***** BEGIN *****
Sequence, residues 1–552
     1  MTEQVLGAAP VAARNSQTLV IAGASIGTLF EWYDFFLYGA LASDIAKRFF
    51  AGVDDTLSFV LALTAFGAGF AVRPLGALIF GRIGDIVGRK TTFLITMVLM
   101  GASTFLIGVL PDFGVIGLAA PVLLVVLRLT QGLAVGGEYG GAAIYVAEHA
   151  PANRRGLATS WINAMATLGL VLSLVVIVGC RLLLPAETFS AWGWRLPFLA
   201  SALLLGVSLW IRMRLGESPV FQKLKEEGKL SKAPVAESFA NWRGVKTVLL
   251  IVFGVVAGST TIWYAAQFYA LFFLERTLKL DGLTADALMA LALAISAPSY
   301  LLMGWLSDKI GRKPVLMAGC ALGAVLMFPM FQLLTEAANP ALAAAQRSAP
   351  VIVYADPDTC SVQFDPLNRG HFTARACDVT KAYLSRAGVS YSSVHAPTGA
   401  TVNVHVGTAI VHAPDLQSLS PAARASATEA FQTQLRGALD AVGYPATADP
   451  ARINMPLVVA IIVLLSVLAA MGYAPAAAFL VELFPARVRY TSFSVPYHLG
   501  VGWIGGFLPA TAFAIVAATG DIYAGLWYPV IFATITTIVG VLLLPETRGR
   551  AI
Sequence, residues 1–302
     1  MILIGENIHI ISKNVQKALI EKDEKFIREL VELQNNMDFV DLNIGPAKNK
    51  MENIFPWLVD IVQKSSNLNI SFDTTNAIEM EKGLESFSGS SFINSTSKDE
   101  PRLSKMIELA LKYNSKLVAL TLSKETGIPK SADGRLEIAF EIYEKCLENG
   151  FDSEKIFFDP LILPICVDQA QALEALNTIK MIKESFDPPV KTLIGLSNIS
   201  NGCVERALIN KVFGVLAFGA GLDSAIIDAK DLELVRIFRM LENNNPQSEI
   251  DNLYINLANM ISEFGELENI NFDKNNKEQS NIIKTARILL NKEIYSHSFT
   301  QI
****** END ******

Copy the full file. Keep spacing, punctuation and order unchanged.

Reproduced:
Sequence, residues 1–552
     1  MTEQVLGAAP VAARNSQTLV IAGASIGTLF EWYDFFLYGA LASDIAKRFF
    51  AGVDDTLSFV LALTAFGAGF AVRPLGALIF GRIGDIVGRK TTFLITMVLM
   101  GASTFLIGVL PDFGVIGLAA PVLLVVLRLT QGLAVGGEYG GAAIYVAEHA
   151  PANRRGLATS WINAMATLGL VLSLVVIVGC RLLLPAETFS AWGWRLPFLA
   201  SALLLGVSLW IRMRLGESPV FQKLKEEGKL SKAPVAESFA NWRGVKTVLL
   251  IVFGVVAGST TIWYAAQFYA LFFLERTLKL DGLTADALMA LALAISAPSY
   301  LLMGWLSDKI GRKPVLMAGC ALGAVLMFPM FQLLTEAANP ALAAAQRSAP
   351  VIVYADPDTC SVQFDPLNRG HFTARACDVT KAYLSRAGVS YSSVHAPTGA
   401  TVNVHVGTAI VHAPDLQSLS PAARASATEA FQTQLRGALD AVGYPATADP
   451  ARINMPLVVA IIVLLSVLAA MGYAPAAAFL VELFPARVRY TSFSVPYHLG
   501  VGWIGGFLPA TAFAIVAATG DIYAGLWYPV IFATITTIVG VLLLPETRGR
   551  AI
Sequence, residues 1–302
     1  MILIGENIHI ISKNVQKALI EKDEKFIREL VELQNNMDFV DLNIGPAKNK
    51  MENIFPWLVD IVQKSSNLNI SFDTTNAIEM EKGLESFSGS SFINSTSKDE
   101  PRLSKMIELA LKYNSKLVAL TLSKETGIPK SADGRLEIAF EIYEKCLENG
   151  FDSEKIFFDP LILPICVDQA QALEALNTIK MIKESFDPPV KTLIGLSNIS
   201  NGCVERALIN KVFGVLAFGA GLDSAIIDAK DLELVRIFRM LENNNPQSEI
   251  DNLYINLANM ISEFGELENI NFDKNNKEQS NIIKTARILL NKEIYSHSFT
   301  QI